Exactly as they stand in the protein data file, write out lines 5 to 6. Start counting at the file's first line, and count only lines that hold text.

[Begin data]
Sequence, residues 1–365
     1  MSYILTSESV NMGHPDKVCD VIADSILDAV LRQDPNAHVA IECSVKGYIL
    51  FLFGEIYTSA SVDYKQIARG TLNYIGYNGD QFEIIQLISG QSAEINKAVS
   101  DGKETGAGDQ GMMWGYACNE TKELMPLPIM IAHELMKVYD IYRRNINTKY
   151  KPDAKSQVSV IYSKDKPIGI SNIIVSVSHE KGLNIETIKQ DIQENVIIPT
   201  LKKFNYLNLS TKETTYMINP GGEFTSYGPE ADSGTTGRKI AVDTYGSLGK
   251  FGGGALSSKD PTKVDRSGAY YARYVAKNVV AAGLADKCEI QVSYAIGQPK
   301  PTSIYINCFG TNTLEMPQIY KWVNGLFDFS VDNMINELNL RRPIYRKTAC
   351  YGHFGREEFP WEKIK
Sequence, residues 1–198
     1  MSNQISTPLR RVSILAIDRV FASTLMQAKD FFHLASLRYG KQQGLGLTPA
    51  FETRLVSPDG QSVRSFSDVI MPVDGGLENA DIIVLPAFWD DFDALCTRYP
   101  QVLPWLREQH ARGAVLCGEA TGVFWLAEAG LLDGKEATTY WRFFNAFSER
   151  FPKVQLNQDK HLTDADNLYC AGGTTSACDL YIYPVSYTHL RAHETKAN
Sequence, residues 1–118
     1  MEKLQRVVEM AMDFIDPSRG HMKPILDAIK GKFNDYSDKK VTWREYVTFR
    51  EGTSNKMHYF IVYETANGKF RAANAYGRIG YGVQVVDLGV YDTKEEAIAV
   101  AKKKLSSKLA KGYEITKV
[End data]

   151  KPDAKSQVSV IYSKDKPIGI SNIIVSVSHE KGLNIETIKQ DIQENVIIPT
   201  LKKFNYLNLS TKETTYMINP GGEFTSYGPE ADSGTTGRKI AVDTYGSLGK